Towards the rational use of medicines
Rational use of medicines is one of the most challenging problems in health systems worldwide. Kazan Federal University researchers conducted a practical study to assess the impact of introducing evidence-based principles to medicine procurement in order to manage budget expenditures on medicines in a multidisciplinary health facility for the period of 2011-2014.
ABC/VEN analysis is a simple and effective method of analyzing medicine expenditures, identifying priority groups of medicines, the use of which, when improved, may provide the greatest clinical and economic impact. ABC analysis provides an accurate and objective picture of budget expenditures on medicines. VEN-analysis helps to prioritize between various medicines in their selection for procurement and use within a drug supply system.
"When assigning VEN categories of medicines, we used an expert method," says Lilia Ziganshina, head of the Department of Basic and Clinical Pharmacology at Kazan Federal University. "The assignment of categories was carried out by clinical pharmacologists after reviewing all available evidence on effectiveness, safety and cost effectiveness compared to other drugs in this group."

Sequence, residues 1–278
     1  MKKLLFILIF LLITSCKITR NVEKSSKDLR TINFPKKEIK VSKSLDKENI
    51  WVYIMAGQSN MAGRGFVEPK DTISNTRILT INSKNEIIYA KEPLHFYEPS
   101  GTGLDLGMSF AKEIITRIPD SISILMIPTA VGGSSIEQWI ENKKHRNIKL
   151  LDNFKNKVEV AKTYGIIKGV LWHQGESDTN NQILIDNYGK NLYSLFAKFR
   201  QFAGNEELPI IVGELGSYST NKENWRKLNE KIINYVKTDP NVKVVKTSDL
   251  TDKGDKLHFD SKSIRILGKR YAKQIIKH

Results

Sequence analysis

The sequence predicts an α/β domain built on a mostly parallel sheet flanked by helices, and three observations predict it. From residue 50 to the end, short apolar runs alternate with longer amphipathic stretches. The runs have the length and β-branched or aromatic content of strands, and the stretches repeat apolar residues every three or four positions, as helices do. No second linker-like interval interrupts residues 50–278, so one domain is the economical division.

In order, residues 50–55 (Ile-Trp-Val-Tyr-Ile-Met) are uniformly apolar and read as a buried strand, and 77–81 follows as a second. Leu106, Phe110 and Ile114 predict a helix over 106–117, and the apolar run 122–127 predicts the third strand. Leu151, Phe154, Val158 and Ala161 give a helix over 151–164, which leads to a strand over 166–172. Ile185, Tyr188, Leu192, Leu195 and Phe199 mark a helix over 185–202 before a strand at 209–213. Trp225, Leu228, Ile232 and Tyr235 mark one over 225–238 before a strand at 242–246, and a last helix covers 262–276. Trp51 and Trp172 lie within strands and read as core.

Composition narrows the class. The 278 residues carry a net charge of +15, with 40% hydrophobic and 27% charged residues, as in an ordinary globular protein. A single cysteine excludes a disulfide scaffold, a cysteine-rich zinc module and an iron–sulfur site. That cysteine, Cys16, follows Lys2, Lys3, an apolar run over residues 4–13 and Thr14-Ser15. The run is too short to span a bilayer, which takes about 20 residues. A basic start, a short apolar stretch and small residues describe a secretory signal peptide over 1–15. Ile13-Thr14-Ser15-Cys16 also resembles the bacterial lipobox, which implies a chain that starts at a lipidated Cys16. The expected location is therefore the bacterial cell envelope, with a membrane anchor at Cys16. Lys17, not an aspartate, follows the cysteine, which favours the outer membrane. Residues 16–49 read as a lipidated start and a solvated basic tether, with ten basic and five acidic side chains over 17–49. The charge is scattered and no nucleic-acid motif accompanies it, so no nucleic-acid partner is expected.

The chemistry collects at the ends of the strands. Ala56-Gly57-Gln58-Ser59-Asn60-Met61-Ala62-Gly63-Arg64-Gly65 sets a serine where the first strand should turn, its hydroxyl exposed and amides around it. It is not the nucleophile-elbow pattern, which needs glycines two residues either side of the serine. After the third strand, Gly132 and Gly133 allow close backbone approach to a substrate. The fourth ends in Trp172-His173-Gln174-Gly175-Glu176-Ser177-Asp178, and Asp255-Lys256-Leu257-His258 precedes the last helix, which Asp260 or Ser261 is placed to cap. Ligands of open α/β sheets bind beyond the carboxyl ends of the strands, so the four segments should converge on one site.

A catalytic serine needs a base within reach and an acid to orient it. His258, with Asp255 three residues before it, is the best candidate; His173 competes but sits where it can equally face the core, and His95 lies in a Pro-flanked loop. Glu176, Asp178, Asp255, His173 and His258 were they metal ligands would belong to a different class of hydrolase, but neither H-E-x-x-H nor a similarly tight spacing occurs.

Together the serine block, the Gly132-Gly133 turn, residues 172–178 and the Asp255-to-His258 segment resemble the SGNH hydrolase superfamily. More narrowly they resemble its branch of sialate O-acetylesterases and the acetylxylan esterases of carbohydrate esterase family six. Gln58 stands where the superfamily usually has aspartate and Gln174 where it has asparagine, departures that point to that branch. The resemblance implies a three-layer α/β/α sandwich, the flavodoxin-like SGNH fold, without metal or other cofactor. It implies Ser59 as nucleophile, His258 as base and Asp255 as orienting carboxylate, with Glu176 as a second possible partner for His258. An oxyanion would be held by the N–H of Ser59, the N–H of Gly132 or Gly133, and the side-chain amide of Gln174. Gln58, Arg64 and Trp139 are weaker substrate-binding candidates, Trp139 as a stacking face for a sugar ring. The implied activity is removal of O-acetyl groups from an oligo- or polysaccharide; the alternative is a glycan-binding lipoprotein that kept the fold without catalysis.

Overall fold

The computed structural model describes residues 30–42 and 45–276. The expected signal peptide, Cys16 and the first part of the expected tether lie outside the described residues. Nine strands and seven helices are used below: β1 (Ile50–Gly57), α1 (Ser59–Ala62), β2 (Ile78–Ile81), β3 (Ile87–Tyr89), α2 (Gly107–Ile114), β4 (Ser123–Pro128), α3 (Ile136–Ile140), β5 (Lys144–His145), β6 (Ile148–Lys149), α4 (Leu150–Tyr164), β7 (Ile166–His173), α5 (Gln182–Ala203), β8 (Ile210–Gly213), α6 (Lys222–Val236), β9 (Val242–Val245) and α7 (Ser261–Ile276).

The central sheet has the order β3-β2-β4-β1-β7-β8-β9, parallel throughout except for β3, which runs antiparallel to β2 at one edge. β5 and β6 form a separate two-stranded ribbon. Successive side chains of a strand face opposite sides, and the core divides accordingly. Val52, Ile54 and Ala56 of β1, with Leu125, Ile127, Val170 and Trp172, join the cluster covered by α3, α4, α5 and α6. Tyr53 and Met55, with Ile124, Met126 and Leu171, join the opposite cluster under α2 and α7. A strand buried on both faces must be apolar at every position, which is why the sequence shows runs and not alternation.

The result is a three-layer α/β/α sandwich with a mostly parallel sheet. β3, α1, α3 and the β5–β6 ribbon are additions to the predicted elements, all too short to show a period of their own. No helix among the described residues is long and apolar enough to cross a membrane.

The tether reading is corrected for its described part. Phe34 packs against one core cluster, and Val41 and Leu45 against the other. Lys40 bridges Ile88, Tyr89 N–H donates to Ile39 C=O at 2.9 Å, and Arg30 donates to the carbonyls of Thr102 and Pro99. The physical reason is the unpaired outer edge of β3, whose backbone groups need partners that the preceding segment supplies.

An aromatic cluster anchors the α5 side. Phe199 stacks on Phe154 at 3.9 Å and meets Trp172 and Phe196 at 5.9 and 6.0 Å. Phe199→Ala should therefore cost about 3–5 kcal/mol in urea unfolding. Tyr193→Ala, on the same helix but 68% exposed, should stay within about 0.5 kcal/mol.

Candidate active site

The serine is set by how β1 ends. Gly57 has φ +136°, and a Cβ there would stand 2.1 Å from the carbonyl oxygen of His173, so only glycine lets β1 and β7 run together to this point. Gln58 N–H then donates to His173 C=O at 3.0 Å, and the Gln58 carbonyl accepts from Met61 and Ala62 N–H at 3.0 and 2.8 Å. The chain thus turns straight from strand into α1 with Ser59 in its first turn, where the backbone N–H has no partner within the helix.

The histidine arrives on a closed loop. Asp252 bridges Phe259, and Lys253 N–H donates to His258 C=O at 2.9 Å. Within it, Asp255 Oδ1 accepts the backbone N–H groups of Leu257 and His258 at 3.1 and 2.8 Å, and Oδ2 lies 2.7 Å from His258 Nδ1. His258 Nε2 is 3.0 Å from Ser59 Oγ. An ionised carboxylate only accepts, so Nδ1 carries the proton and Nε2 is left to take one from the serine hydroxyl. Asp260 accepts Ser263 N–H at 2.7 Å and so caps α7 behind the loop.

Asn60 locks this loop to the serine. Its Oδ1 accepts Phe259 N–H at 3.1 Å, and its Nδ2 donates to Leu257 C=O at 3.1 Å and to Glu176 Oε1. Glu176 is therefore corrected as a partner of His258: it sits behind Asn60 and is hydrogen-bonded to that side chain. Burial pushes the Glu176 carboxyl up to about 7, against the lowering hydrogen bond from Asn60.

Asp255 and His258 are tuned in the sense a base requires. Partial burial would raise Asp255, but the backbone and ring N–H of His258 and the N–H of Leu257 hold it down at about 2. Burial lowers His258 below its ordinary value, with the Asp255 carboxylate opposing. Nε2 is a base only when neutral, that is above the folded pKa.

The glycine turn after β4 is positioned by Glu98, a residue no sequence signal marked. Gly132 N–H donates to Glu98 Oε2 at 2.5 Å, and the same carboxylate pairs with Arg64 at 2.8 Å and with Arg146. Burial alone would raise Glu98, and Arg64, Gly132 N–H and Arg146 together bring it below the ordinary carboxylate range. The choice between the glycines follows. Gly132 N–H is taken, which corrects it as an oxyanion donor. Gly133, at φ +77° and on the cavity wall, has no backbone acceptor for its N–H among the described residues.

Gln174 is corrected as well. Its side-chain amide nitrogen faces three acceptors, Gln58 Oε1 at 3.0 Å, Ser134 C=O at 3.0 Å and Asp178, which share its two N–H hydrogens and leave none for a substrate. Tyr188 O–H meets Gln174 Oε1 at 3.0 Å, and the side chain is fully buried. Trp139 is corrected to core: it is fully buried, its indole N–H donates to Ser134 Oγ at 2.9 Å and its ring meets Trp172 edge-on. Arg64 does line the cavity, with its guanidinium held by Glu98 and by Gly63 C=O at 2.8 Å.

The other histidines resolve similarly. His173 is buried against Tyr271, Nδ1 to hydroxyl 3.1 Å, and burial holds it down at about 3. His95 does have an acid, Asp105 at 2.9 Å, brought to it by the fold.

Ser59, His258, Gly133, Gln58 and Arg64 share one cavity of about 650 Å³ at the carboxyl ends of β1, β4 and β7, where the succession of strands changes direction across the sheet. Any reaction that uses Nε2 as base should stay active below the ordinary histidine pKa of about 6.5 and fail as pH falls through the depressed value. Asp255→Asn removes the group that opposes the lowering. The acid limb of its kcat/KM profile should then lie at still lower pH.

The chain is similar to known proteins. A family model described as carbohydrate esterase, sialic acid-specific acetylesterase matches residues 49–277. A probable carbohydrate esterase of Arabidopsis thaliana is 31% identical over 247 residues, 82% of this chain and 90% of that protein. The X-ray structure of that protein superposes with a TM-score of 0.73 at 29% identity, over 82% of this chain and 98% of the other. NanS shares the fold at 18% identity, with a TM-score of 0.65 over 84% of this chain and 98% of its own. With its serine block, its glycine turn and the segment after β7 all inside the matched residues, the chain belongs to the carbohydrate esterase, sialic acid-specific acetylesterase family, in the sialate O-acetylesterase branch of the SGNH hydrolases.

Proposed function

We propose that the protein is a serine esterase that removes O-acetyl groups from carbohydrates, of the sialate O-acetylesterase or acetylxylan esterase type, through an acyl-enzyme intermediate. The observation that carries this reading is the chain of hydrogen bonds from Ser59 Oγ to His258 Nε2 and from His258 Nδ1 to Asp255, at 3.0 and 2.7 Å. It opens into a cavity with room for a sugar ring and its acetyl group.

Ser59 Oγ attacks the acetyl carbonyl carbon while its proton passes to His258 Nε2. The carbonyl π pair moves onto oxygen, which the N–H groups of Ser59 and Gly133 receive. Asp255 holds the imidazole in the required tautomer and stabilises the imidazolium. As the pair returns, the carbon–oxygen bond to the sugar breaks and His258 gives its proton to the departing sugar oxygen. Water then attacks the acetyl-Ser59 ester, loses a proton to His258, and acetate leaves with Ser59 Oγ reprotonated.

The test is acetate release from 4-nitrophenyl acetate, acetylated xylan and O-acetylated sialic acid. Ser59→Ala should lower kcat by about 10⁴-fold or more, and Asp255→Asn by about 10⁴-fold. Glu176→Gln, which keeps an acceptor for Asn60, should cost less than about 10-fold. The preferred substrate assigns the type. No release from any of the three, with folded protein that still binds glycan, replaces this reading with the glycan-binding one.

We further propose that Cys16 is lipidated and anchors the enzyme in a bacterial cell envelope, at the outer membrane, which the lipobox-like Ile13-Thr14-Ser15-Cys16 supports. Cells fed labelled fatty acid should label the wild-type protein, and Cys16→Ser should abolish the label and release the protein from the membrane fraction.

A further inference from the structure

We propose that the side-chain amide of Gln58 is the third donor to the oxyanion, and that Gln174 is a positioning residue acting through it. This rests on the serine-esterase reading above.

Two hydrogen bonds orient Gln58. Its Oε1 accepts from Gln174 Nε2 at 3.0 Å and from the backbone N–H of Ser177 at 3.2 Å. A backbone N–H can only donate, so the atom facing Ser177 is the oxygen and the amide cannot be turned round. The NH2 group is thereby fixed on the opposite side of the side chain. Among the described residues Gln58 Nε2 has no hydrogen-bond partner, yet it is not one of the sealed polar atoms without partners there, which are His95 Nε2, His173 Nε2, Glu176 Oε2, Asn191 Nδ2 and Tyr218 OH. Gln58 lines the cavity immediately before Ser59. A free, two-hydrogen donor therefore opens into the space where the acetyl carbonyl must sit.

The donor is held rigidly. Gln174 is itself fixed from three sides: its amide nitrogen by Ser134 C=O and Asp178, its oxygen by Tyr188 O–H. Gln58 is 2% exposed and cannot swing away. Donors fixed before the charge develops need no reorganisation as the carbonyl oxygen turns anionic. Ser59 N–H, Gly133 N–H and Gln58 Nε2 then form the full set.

The case study was performed in a multidisciplinary health facility with over 1000 beds (an average number of beds over three years), which is responsible for provision of care to a population of about 1.4 million people.
Educational intervention included detailed discussion of the results of the ABC/VEN analysis for the years 2011-2012 from the standpoint of evidence-based pharmacology, recommendations for medicine procurement and training workshops for the heads of clinical departments on evidence-based principles in clinical pharmacology, and rational use of medicines; the results were significant. Medicine expenditures for the year 2014 were less than for the year 2013, reversing the previous trend of increasing medicines expenditures over the preceding three years. However, Prof. Ziganshina adds, "Regular educational interventions for practicing physicians and heads of clinical departments of health facilities that promote rational prescribing are needed."